Docs recommend checking the medical advice before driving.
More than a third of us admit to ignoring medical advice and getting behind the wheel despite taking medication that explicitly advises them not to drive.
More medical motoring matters:
According to a survey of 1,000 drivers by vehicle data firm HPI, 34 percent of motorists said they had driven while using drugs that came with a warning not to drive. Concerningly, a shocking fifth of those (20 percent) admitted to doing this at least once a week. A further 11 percent, meanwhile, confessed to driving while unsure of whether their medication advised them not to drive.
Almost as worryingly, more than three-quarters of drivers admitted to having taken to the road despite feeling some form of adverse health conditions, although the majority of these were minor ailment such as headaches (41 percent), a runny nose (36 percent) and a sore throat (34 percent). A shocking five percent, though, said they had driven with impaired vision, while one percent (the equivalent of around 330,000 of the UK’s drivers) said they had driven with broken bones.
Dr Luke James from Bupa UK stressed the importance of reading and following the medication directions found in medicine packets.
“Medications can affect people in different ways, so it’s important to only take them in accordance with the advice included in their accompanying leaflet,” he said. “Additionally, you should talk to your doctor about any possible side effects before starting or changing your dosage, including whether they’re likely to affect your driving safety.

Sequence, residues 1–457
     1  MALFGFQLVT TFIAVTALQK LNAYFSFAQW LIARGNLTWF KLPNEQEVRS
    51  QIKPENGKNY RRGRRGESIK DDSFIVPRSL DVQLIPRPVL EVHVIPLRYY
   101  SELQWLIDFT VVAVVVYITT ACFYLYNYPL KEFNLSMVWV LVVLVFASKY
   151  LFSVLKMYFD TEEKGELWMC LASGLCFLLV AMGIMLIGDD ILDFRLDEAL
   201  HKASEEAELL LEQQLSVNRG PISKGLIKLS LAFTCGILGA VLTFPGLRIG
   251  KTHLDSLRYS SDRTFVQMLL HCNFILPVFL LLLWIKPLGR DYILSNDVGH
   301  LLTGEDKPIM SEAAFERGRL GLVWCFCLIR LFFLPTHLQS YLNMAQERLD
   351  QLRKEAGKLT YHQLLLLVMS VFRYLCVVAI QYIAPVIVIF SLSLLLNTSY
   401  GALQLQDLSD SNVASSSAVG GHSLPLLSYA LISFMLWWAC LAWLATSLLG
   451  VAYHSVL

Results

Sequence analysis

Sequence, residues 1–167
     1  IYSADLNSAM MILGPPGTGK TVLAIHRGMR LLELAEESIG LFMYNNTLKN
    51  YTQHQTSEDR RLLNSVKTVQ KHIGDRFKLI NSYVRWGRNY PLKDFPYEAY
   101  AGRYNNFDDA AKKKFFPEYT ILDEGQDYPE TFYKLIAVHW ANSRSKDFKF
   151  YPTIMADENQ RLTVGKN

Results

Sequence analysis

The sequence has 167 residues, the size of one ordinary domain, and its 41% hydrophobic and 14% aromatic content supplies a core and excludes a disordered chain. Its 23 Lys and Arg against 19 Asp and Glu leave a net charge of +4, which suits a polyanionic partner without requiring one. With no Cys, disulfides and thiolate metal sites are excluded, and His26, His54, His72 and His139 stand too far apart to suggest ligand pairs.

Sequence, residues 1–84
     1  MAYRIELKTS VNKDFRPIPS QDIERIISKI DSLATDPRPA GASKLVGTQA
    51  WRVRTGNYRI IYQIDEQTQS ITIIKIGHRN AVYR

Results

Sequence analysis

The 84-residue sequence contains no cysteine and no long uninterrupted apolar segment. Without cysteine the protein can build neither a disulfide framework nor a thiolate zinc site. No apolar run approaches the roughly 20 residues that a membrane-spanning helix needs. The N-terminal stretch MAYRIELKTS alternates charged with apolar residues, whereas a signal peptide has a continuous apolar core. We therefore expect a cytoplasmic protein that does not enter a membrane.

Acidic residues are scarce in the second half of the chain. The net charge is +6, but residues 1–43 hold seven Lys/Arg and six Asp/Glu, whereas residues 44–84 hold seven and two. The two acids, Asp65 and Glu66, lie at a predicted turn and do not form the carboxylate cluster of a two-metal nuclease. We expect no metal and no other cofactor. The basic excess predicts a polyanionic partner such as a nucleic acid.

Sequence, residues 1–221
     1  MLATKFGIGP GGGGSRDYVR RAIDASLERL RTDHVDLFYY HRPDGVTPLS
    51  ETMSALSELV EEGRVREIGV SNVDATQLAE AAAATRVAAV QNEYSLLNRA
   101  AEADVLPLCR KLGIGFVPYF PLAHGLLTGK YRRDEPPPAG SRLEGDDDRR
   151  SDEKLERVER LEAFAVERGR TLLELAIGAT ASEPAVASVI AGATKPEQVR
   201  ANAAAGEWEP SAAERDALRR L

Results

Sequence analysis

“If impaired driving is a potential side effect, you should avoid driving for the first five days of starting or changing your dosage and speak to your doctor to establish whether you’re both happy that you’re safe to get back behind the wheel.”
And James O’Loan, consultant pharmacist at Doctor4U added that those suffering from hay fever should be particularly vigilant regarding whether their medication allows them to drive.
“Many popular antihistamines used to treat hay fever can cause drowsiness, along with some popular cough medicines and treatments for motion sickness,” he pointed out. “The main ingredients to look out for are diphenhydramine (found in Benadryl), dextromethorphan (found in Night Nurse and some own-brand cough syrups) and hyoscine hydrobromide (found in travel sickness tablets such as Kwells).
“You may also want to take caution when using eye drops, as these can temporarily affect your vision. We always advise that you thoroughly read the patient information leaflet that comes with any medication, familiarise yourself with the side effects, and not to drive if you feel drowsy, dizzy, or confused.”